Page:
48. Being told, “You’re doing great things for your country,” at any time, in any tone of voice, whatsoever.
  49. My chain-of-command’s probable reaction to reading this. Yes, sir, I beat you to it.
  50. Reward by punishment–while I am flattered that I am so highly thought of, I’d rather that you demonstrate it in a different manner than giving me more work to do.
  51. Waking up at 0330, to go to a battery formation at 0400, to go to a battalion formation at 0430, to go to a brigade formation at 0500, to go to a division formation at 0600, to be ready for a division run at 0630.
  52. Number 51 being the start of an exciting, fun-filled week filled with mandatory attendance of other team’s sporting events, as well as number 53.
  53. Standing at parade rest, while carrying M-4 with bayonet, for over an hour in the hot-ass North Carolina sun while someone who has never served in the division, let alone the military, yammers on about how great we are.
  54. Running back after 53.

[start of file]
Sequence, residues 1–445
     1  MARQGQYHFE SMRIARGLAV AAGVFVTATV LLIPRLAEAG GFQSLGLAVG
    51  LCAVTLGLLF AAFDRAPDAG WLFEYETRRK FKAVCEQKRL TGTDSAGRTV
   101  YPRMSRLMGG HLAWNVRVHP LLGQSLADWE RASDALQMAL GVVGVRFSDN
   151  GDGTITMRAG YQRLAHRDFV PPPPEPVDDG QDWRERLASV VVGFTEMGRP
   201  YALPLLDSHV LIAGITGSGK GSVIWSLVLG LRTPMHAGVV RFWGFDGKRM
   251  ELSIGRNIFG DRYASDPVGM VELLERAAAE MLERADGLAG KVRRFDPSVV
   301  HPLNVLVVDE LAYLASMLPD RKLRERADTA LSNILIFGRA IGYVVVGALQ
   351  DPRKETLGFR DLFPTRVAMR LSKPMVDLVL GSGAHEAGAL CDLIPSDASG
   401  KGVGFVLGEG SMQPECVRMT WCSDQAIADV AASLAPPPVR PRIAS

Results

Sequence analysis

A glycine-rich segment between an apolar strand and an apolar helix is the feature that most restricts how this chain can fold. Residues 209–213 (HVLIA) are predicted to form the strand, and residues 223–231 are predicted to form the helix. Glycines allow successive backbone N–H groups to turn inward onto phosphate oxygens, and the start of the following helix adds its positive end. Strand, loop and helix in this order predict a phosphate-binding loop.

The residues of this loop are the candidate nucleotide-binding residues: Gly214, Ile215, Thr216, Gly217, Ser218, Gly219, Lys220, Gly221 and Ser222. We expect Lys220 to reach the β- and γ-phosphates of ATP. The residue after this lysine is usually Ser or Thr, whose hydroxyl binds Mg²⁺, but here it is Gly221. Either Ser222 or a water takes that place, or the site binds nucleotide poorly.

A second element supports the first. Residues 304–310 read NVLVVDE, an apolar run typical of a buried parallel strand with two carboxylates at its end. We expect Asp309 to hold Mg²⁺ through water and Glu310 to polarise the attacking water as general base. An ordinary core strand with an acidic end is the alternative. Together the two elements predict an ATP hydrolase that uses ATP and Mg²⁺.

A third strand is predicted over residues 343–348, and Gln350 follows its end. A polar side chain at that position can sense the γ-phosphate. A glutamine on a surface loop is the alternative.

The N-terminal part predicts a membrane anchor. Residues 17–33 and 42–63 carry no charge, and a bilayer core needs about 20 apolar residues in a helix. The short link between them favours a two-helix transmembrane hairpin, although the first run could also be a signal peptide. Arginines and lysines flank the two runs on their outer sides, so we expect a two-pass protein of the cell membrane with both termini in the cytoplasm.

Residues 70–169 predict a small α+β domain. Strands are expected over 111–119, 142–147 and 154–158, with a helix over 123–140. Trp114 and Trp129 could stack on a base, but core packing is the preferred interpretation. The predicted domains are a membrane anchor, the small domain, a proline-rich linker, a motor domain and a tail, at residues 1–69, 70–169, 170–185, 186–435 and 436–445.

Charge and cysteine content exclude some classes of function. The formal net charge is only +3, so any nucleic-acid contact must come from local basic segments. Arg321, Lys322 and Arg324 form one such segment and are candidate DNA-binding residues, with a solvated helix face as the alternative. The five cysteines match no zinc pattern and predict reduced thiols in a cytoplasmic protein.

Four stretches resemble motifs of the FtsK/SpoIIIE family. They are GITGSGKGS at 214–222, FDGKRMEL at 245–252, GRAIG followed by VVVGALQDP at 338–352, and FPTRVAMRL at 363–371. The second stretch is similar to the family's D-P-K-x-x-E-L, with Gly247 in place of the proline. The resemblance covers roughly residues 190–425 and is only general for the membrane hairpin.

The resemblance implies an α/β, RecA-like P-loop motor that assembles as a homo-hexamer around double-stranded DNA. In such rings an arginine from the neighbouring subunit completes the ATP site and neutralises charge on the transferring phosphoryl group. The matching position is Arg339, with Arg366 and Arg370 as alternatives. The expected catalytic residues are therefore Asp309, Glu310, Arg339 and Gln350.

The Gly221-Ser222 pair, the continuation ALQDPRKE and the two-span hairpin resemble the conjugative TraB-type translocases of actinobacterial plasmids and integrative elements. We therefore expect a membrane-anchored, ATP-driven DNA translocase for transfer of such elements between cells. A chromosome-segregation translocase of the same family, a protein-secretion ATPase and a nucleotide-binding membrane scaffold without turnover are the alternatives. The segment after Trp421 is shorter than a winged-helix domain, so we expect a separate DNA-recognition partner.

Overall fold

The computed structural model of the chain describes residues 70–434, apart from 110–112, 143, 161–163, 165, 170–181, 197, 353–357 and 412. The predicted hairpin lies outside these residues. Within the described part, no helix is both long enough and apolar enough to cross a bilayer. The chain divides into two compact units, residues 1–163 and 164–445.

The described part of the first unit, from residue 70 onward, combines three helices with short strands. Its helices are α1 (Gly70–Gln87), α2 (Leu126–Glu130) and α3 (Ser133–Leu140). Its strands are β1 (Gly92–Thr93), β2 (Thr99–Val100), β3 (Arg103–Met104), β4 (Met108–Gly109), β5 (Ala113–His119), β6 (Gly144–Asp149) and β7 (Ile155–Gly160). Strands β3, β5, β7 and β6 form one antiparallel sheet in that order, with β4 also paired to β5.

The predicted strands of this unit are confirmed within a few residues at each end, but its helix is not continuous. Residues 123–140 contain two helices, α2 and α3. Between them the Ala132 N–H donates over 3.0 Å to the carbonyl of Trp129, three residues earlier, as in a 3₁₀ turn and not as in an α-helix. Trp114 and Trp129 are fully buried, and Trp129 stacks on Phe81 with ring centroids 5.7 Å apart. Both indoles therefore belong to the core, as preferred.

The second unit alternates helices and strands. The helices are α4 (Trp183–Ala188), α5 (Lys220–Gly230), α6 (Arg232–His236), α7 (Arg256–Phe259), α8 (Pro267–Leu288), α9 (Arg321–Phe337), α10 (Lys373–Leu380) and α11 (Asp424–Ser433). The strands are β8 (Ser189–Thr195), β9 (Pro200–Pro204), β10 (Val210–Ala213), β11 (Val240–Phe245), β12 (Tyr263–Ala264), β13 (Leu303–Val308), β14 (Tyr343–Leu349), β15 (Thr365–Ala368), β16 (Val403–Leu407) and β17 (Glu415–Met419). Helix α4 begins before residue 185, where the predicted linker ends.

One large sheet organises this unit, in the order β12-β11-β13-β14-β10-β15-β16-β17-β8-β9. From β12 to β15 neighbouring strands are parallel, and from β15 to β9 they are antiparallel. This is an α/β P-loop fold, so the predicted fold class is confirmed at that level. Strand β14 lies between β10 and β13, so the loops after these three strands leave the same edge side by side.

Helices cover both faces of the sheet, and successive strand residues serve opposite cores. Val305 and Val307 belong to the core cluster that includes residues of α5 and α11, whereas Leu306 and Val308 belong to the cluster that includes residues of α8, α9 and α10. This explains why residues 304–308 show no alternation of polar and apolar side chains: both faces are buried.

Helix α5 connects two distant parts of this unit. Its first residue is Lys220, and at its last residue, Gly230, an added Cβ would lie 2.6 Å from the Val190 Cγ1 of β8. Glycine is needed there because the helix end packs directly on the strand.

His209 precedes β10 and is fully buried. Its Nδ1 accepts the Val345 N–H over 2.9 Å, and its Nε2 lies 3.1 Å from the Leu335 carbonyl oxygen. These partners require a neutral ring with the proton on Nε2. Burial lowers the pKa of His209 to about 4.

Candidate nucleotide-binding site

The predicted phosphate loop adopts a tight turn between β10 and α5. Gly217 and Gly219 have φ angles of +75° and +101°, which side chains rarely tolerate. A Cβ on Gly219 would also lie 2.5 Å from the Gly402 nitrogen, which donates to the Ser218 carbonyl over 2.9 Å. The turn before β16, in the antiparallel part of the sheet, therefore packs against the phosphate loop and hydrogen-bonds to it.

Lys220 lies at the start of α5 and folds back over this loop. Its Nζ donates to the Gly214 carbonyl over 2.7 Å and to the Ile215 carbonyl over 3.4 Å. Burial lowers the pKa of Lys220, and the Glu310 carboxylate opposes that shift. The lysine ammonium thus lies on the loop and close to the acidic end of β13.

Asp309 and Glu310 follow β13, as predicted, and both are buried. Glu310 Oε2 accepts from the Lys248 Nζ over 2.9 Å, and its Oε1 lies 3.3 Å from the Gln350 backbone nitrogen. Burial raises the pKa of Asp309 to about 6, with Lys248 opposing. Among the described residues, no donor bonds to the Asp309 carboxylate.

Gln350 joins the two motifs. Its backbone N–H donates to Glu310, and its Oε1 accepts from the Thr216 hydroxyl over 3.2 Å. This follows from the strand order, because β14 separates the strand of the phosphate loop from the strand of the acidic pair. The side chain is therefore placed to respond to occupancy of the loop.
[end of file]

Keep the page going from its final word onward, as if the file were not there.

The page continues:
55. Performing retirement ceremonies for important persons from other units–where the hell are their units, and why can’t they be bothered to march around in a circle for their CO?
  56. The existence of Hooah!2O. That is crossing the line in terms of being entirely too full of one’s own propaganda; being a party to that shame is more than any man should be asked to bear, even if the complicity is only by association.
  57. I miss my dogs.
  58. I have a degree to complete, and no, I can’t complete it to the level I’d like to in the military.
  59. I would, at some point in the near future, like to have a long-term girlfriend/lover/wife. Being in the military is not conducive to maintaining such a relationship, especially with the current 15 month deployments.
  60. The fact that I can legitimately be questioned, and frequently am, about where I am going to and why I am doing that by people I have never met, have no connection to my unit, and I am unable to respond with the truth–namely, that it is none of their business, and that I resent the fact that I am being delayed in my errand by someone who does not belong to my unit for their own satisfaction– without serious repercussion.
  61. Along those lines, being berated for failing to salute an officer who was crowded by NCOs (in a breach of military custom and courtesy, as they should have all been to the left and behind by half a pace) when I could not see said officer’s rank. In a combat zone. By an NCO who was reading a newspaper while walking, and decided that junior enlisted were easier targets to satisfy his ego, rather than correcting a continued breach that caused others to fail to notice an officer walking by. Oh, and said NCO also failed to correct another nearby NCO who also failed to salute, for the same reason that we did.